Making time to identify your business goals is tough. And actually doing it is even tougher. Here are our best tips about how to get started, followed by what we believe are the key objectives you might want to include.
How to Form Goals That Matter
Our first tip is to recognize that you need to make time for goal setting or you'll never get ahead. It is totally OK to set aside a couple of hours a week or month — even if there are calls rolling in and you’re busy — to make goal setting a priority. It isn't hurting your customers. We promise. Instead, it will help you provide stronger service in the future, and that's where your company is headed.
Once you've made the time, make sure you only consider goals that you can measure, achieve and cross off the list. For instance, it won't work to write down that you "want to scale your business," because that goal has no end! When will you have achieved this? When can you cross it off? Never!
You have to think about goals as if they are tasks to achieve, rather than ideas. You can finish them and tick the box. This format is called SMART goals: specific, measurable, attainable, relevant, timely.
Next, Consider Your Big Five. What Are The Five Main Things You're Trying To Improve? List Out The Five Things And Be Sure They Can Be "Checked Off" Your List.
If you really want to get deep into this task, think of five goals for each different area of your business: accounting, AR/AP, field operations, marketing and lead generation, etc. Remember that it's OK to start small, too, and just focus on one of those units.
Finally, your goals should also be clear and measurable. Figure out a way to measure the success of each so that when it comes time to check it off, you'll know it. We also suggest adding visibility. Communicate these goals to your entire team so they can help you work toward them.
The 4 Goals We Recommend for Growing Service Businesses
These goals are best for field service companies, including HVAC, plumbing, garage door and electrical service.
1. Increase your average ticket
As we mentioned, these goals will need to be specific and measurable, so craft each goal like this: Increase average ticket by X percent by X date.
Help customers with accessory items by giving them a better educational experience. To allow for this, train your techs to be experts so they can coach customers on best practices and add accessory items to the sale. You can also provide coaching for technicians that is specifically about how to increase sales.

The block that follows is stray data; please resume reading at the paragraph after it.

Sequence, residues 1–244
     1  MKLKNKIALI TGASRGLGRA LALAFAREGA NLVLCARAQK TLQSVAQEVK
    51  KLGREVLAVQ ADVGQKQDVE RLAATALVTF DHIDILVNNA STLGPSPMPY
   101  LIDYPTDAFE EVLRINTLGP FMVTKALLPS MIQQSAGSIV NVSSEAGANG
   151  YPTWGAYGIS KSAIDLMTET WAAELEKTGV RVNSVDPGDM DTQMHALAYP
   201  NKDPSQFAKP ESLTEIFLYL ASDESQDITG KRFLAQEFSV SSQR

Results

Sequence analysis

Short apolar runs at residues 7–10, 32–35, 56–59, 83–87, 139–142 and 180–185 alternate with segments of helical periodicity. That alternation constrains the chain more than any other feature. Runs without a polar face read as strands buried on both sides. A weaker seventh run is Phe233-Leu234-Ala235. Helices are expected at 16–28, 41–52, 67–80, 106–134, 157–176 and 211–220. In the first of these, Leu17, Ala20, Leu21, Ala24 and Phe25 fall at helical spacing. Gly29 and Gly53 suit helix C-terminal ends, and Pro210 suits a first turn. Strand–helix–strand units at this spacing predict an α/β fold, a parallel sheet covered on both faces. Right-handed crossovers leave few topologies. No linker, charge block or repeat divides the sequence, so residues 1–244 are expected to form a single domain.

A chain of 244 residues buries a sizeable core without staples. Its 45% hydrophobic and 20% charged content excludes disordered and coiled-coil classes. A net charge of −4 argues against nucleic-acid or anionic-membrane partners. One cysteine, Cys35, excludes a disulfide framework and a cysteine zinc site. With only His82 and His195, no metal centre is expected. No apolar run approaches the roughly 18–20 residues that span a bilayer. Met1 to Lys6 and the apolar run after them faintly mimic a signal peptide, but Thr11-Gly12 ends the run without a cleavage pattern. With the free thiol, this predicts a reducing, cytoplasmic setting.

Of course, none of the coaching in the world will matter if they can't execute, so you should also find tools that help techs sell and provide estimates while they are still on the job.
Perhaps most importantly, work toward flipping the mentality of your techs from turn-and-burn service to high quality call experiences. Doing all of these things will help increase your average ticket and keep your margins up.
2. Increase booked appointments
Book more opportunities with better, faster customer service and an increase in call counts. Reduce back-and-forth between tech and office so your office staff can focus on the customers.
Remember, the goal should be to increase booked appointments — by a certain amount/percentage, by a certain date.
3. Reduce missed payments
Regularly monitor all paperwork to make sure all of your invoices are accurate. Over time, focusing on accuracy will help you reduce missed or failed payments and get every dollar you deserve back into the business.
Start by understanding what your base level of missed payments is, as a percentage. Then form the goal: Reduce missed payments by X percent by X date.
4. Increase quality lead count (to optimize marketing spend)
How can you tell if you're bringing in better quality leads? First, you should be able to tell your win rate for bookings by tracking how many opportunities turned into customers. You can work to bring in better leads through emphasizing referrals, new digital marketing tactics (make sure you're listed on Yelp and that you claim your business page!) and more.
Note how many quality leads you gain per month (if you have the capability) and start by forming a SMART goal: Increase quality leads by X percent this quarter. Or maybe you want to increase the conversion from website visitor to lead, instead. Whatever your goal, make it as clear as possible.
Now You're Ready to Start Creating Business Objectives!
Growing your business is exciting, and goal setting helps you get there. Don't forget to think about specific, measurable, attainable, relevant, timely goals, and to communicate those goals to your team once you've written them down. If you want to get started today, begin with the four objectives we outlined above. Assess where you are currently, and then determine a reasonable trajectory and timeline. You can experiment to find out which goals are too lofty and which are just right.